WEST PALM BEACH, Fla. -- A Florida city has fired a top information technology manager for smoking marijuana — even though he been authorized by his doctor to use it legally for medical reasons.
West Palm Beach fired Jason McCarty, its deputy chief of information technology, after a urine test found marijuana in his system — something he told them before the test that they would find.
McCarty, a 50-year-old father of two, has a medical marijuana card that allows him to legally purchase pot from a dispensary and says he smoked a joint the night before he was spot tested to relieve anxiety and insomnia caused by his mother's serious illness, according to the Palm Beach Post.
McCarty was tested last month after two employees from the city's risk management department thought he acted suspiciously as he walked past them during lunch, claimed to smell pot near his car and reported him.
McCarty denies smoking pot at work. He had held his job for five years and had a spotless record, but the city has a strict policy against marijuana use, even when used legally and outside working hours. Florida voters overwhelmingly approved a measure legalizing medical marijuana in 2016.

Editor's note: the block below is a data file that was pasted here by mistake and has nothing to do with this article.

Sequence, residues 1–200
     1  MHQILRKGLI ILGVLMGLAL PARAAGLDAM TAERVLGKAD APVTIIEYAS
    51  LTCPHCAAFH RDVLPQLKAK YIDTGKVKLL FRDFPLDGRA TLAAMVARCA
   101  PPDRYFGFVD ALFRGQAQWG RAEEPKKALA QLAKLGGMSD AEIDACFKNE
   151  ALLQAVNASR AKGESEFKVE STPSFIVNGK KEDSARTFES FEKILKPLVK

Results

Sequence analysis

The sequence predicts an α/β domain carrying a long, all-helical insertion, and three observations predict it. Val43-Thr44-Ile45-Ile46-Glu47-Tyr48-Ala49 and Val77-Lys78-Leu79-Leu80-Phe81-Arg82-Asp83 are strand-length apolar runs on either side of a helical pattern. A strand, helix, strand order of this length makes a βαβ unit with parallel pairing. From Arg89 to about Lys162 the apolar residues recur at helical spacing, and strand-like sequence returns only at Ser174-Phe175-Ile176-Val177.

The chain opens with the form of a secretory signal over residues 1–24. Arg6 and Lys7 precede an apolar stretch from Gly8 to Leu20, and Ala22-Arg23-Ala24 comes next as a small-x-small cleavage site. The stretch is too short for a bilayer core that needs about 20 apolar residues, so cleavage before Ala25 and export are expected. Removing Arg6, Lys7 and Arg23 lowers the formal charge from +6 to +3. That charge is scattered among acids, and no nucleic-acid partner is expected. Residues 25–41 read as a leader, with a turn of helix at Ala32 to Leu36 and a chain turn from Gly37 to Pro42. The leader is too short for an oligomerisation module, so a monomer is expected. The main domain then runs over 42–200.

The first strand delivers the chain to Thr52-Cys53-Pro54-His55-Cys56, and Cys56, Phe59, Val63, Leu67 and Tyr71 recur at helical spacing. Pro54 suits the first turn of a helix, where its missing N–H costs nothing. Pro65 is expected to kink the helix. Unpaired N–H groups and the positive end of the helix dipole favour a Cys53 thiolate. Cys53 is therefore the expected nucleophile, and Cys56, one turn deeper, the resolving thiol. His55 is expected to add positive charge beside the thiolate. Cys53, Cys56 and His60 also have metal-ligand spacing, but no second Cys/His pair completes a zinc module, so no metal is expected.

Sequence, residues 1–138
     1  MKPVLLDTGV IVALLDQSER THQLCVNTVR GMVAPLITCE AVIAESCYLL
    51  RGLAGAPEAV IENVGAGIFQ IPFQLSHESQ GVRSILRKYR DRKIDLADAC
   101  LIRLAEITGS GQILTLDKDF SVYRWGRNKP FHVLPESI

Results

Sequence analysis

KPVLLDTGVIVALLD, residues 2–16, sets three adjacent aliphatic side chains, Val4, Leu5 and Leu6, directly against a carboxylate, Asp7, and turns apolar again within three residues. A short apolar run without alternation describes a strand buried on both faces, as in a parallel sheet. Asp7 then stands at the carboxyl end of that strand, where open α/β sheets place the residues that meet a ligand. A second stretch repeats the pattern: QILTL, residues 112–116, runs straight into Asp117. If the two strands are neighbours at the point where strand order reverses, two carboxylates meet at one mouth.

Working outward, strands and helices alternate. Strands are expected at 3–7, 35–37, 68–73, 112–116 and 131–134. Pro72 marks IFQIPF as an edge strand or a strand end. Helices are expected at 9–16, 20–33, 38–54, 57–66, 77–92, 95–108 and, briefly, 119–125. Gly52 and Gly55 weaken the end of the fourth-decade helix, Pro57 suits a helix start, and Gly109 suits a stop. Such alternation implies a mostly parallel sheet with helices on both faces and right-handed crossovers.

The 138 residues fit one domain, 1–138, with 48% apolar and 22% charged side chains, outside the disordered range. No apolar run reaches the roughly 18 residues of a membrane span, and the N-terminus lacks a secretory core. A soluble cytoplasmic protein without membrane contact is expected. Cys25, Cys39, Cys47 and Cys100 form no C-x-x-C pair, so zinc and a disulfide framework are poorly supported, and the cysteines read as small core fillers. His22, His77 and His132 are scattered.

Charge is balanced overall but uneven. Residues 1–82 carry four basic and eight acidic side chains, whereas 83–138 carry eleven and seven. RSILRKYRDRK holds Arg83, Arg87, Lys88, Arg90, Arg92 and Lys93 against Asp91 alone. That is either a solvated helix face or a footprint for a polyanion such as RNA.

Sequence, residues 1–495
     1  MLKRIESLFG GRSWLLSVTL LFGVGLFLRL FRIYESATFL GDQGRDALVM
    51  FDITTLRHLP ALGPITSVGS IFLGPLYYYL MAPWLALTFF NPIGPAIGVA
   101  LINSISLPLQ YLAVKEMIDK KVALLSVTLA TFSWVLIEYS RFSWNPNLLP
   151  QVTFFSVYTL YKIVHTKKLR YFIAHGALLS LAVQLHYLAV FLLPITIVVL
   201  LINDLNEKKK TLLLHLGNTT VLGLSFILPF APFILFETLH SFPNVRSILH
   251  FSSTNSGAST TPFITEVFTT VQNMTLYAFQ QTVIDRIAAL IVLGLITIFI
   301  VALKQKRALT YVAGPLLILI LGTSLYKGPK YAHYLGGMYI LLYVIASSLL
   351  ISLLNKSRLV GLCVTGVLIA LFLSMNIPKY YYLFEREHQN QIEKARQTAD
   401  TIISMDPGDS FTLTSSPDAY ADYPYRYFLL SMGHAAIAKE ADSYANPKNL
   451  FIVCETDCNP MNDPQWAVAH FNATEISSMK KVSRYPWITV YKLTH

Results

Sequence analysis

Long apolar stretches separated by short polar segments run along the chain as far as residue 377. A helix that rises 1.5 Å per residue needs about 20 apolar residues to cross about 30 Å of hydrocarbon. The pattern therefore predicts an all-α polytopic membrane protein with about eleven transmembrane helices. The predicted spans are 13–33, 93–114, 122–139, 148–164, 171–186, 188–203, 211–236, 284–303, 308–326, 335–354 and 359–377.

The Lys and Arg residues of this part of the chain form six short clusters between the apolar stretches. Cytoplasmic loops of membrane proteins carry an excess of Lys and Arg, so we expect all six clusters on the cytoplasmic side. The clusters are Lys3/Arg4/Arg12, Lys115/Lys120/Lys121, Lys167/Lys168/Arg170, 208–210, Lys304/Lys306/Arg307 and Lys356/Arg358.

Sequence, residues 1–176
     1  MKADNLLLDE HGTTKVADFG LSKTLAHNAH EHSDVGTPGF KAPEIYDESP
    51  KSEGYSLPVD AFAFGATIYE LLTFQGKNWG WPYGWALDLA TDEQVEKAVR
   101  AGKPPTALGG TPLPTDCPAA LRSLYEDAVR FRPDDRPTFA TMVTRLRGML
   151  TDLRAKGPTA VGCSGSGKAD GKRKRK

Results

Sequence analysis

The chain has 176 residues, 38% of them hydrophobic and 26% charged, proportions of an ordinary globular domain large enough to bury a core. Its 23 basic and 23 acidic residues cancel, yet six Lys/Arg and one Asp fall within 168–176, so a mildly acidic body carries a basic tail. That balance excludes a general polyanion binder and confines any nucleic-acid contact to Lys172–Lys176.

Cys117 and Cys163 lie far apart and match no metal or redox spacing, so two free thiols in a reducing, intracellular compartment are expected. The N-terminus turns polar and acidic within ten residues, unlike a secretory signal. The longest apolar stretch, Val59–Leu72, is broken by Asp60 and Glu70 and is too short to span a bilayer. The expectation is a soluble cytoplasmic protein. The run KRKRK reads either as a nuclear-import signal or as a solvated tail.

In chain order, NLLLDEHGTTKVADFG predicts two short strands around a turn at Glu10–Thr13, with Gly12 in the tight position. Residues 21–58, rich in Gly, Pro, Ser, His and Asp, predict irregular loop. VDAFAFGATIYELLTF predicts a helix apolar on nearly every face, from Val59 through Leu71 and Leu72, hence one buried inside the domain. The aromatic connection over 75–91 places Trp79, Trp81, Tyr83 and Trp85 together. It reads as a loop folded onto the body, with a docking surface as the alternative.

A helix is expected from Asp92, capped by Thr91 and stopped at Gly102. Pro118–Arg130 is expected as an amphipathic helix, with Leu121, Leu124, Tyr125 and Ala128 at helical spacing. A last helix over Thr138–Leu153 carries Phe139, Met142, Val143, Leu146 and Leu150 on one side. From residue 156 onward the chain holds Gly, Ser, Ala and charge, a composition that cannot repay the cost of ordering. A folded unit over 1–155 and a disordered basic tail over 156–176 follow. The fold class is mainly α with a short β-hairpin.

Five other co-workers submitted affidavits saying they had never seen McCarty under the influence, including the day he was reported.
“I just think it’s outrageous, insulting,” said his attorney, Russell Cormican Jr. “There’s this perception around the country that people don’t get screwed over by marijuana laws anymore. People’s lives can get turned around over this. It’s really wrong.”
City spokeswoman Kathleen Walter told the Post that the policy is meant to protect its workers and the public and if it allowed employees to smoke marijuana, that could endanger federal grants and contracts. While Florida is one of numerous states that have legalized marijuana use partially or fully, it is still against federal law.
In 2019, the city revised page 13 of its 15-page employee drug-use policy to read, “The use of marijuana by city employees, including medical marijuana, with or without a prescription, is prohibited." A prescription is not accepted as a valid explanation for an employee’s positive drug test result, the policy says.
The policy also says any employee who reasonably suspects a co-worker of illegal drug use and doesn't report it can be fired. Walter said that obligated the risk management workers to report McCarty.
Cormican points out that the policy also says that violations could be penalized “up to termination." He believes firing a model employee over legal marijuana use is extreme.
McCarty has not decided whether he will sue the city.
“He’s not trying to be a medical marijuana martyr,” Cormican said. “He just wants a job.”